Legendary animator Eric Goldberg, best known for films such as Aladdin and Pocahontas, will join the John C. Hench Animation Division of Animation and Digital Arts of the School of Cinematic Arts this fall.
The appointment was announced June 16 by the SCA.
Goldberg has had a long career in animation, working at both Warner Brothers and the Walt Disney Company on numerous projects including Pocahontas, Hercules and Looney Tunes: Back in Action.
Tom Sito, chair of the John C. Hench division, worked closely with Goldberg on many projects and expressed his excitement over having Goldberg join the SCA faculty.
“He is one of the greatest animators in the world today. A constant professional,” Sito said. “[He was] a protégé for numerous legendary animators like Chuck Jones.”
When Goldberg was 4 years old, he began drawing pictures of cartoons such as Wile E. Coyote, and it wasn’t long until he started making flipbooks. By 13, he was making his own home-made animated films.
Goldberg was heavily influenced and inspired by Disney films growing up, with special appreciation for Dumbo and Fantasia. He admired the experimental animation of both films as well as the unlikely protagonist of Dumbo. His love of experimentation would reflect in his later work when he got the chance to direct two sequences in Fantasia 2000: “Carnival of the Animals” and “Rhapsody in Blue.”
As a student at the Pratt Institute, Goldberg met and began working with Richard Williams, art director of Who Framed Roger Rabbit, who he said taught him “the craft of animation” and would give him his first chance to work on a production in the form of the animated feature, Raggedy Ann & Andy.
More than a decade later, Goldberg started at Disney. Within two years, he was given the opportunity to design one of the most memorable characters in Disney history – the Genie from Aladdin. Goldberg co-directed Pocahontas shortly after, in 1995.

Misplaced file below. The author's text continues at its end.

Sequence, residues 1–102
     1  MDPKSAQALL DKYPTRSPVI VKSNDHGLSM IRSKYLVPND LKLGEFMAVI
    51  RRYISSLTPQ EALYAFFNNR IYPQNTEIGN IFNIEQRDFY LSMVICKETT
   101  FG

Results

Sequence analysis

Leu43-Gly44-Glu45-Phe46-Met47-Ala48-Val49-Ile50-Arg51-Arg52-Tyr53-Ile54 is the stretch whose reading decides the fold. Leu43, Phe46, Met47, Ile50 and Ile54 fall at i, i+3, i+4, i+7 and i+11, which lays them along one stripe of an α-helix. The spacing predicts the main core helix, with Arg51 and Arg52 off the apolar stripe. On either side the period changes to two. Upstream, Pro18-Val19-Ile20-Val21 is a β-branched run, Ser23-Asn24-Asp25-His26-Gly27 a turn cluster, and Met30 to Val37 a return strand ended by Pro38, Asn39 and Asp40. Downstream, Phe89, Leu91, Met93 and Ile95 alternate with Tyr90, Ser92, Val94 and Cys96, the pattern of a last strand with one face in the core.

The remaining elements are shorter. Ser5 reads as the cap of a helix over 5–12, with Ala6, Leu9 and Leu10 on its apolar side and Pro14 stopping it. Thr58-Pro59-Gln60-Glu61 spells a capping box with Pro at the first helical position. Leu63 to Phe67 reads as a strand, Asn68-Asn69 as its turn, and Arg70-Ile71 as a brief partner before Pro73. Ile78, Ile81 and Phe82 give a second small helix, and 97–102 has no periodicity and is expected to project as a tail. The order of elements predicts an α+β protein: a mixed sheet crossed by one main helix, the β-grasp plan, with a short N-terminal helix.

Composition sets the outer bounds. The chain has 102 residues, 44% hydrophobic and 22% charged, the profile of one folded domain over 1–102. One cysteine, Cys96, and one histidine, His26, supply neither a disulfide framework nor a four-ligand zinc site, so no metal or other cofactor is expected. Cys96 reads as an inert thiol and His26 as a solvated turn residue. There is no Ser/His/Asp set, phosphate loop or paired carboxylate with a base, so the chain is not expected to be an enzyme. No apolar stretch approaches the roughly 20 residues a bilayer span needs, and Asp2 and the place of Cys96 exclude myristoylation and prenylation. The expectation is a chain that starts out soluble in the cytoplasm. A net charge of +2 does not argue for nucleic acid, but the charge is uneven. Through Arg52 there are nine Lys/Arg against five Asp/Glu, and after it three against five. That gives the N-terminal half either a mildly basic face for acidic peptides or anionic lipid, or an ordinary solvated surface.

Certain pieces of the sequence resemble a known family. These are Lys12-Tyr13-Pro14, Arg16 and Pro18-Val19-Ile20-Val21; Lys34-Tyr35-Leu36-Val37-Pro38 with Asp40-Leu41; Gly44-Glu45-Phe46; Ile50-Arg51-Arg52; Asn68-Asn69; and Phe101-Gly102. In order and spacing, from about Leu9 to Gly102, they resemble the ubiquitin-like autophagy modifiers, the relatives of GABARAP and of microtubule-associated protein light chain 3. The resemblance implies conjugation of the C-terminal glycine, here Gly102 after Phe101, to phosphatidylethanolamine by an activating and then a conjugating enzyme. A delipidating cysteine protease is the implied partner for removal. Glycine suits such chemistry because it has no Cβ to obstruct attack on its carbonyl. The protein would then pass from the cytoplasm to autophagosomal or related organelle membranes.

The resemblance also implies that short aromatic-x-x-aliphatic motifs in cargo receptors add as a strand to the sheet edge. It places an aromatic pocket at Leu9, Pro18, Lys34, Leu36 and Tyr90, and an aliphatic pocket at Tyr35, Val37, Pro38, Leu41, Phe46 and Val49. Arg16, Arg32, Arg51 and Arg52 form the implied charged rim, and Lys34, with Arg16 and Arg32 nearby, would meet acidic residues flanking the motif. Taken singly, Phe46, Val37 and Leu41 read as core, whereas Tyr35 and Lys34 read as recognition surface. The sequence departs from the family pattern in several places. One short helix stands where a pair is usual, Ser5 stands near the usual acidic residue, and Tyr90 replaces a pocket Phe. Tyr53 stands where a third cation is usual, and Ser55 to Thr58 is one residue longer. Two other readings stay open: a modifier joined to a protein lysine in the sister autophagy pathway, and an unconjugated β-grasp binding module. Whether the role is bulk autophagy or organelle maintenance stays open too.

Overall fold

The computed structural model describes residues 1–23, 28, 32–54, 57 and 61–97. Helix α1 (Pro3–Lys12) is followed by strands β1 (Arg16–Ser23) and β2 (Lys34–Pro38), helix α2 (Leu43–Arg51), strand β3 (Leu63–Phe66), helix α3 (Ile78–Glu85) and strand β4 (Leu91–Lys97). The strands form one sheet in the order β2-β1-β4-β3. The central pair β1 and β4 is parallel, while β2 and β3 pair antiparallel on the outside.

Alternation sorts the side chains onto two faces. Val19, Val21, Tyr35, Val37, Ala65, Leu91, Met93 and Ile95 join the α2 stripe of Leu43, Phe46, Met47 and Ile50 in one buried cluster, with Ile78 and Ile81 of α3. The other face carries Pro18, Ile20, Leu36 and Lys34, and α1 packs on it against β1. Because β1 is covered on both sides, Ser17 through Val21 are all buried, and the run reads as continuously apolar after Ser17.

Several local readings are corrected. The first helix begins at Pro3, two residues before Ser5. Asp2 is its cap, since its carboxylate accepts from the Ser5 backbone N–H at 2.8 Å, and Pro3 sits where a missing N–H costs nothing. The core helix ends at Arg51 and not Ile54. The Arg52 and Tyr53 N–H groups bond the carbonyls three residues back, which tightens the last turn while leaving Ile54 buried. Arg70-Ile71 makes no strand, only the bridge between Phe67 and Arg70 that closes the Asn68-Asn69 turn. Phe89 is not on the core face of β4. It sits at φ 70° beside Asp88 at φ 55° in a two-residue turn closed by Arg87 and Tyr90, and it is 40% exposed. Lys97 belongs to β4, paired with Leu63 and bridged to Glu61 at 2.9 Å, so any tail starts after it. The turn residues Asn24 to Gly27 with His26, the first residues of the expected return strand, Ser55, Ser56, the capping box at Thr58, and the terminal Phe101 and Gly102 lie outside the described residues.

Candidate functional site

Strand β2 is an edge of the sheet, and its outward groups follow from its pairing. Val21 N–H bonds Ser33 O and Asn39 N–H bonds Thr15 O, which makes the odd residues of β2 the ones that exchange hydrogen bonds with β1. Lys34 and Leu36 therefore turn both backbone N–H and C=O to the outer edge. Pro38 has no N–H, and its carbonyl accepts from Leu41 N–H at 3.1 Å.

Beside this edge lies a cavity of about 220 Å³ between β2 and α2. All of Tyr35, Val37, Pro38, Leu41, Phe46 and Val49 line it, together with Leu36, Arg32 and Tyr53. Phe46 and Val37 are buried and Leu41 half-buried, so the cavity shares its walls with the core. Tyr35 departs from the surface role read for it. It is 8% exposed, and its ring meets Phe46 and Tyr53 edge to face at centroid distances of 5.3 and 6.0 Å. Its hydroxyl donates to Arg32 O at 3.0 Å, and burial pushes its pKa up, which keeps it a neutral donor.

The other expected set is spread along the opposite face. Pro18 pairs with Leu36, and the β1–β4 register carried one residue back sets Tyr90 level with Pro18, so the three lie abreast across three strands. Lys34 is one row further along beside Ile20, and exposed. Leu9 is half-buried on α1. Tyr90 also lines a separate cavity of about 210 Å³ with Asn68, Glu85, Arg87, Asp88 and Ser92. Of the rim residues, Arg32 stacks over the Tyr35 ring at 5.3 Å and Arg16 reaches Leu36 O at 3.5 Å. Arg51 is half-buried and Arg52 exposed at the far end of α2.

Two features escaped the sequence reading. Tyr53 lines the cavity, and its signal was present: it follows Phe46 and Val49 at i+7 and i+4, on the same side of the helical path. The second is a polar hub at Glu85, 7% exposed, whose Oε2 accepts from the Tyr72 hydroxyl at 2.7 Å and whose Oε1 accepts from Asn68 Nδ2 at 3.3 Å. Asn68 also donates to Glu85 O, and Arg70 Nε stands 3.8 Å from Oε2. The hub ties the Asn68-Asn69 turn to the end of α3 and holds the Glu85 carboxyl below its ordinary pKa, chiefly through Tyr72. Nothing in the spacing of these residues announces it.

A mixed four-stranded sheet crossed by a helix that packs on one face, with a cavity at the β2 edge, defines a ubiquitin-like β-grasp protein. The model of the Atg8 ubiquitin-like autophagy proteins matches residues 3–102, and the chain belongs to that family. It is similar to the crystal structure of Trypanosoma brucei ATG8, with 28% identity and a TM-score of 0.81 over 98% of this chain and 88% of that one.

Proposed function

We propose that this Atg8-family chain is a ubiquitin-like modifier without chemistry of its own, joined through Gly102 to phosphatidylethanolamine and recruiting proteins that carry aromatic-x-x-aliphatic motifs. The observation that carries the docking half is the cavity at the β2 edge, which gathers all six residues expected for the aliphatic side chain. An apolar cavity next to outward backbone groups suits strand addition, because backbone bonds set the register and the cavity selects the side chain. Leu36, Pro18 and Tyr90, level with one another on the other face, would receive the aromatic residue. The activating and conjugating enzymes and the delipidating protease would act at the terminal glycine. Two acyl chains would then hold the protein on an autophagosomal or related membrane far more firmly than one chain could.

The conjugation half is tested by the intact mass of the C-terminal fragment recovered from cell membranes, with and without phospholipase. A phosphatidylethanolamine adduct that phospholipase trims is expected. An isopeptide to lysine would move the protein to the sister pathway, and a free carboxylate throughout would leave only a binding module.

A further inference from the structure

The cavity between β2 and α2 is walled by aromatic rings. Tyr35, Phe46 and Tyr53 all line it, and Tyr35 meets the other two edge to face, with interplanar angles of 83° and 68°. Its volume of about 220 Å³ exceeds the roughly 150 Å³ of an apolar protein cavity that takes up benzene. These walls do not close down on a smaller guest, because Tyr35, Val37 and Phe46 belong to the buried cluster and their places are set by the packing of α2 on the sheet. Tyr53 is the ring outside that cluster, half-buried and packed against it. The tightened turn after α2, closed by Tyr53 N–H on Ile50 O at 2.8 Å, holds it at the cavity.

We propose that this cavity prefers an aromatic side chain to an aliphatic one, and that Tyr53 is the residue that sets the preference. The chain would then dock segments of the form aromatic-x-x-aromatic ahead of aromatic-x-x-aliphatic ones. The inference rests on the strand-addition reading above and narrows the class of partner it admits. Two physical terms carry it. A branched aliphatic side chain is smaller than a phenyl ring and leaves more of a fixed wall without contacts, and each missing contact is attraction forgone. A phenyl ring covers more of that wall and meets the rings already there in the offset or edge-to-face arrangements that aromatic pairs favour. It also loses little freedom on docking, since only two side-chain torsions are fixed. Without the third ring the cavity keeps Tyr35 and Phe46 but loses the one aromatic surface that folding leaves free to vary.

Sito, who worked as the head of the storyboard department for Pocahontas, noticed particular traits about Goldberg that made him stand out among other animators.
“What I’ve always found amazing with Eric is that he would watch a film moving at normal speed and tell you who animated what scene,” Sito said. “Not only for the stuff that we worked on, but even classic cartoons like Tom and Jerry or Bugs Bunny from the 1940s. It’s scary.”
Teaching will not be a new endeavor for Goldberg either.
“Eric was working at other organizations off and on but not frequently because he is still full time at Disney,” Sito said. “But I know for the quality of education he brings, he deserves a world class environment like SCA where [students] can fully appreciate what he has to teach.”
Students are also excited for the chance to be under Goldberg’s tutelage.
“I’m thrilled that Eric Goldberg is coming to USC,” Samantha Vilfort, a junior majoring in animation, said. “He’s an insanely gifted animator, an absolute legend in the industry, and I can’t wait to see how he’s going to inspire the SCA ‘animajors.’”
Troy Peterson, a class of 2017 critical studies student with a passion for animation history, also expressed excitement over his arrival.
“I wish I could take one of his classes because he always talked about animation history with so much respect and knowledge,” Peterson said. “I grew up watching him talk about animation history and clearly he has the passion for it. [SCA animation students] are really going to learn a lot from him.”
For the fall semester, Goldberg will teach CTAN 577a, a graduate-level animation fundamentals course at SCA. In addition, he plans to continue working at Disney.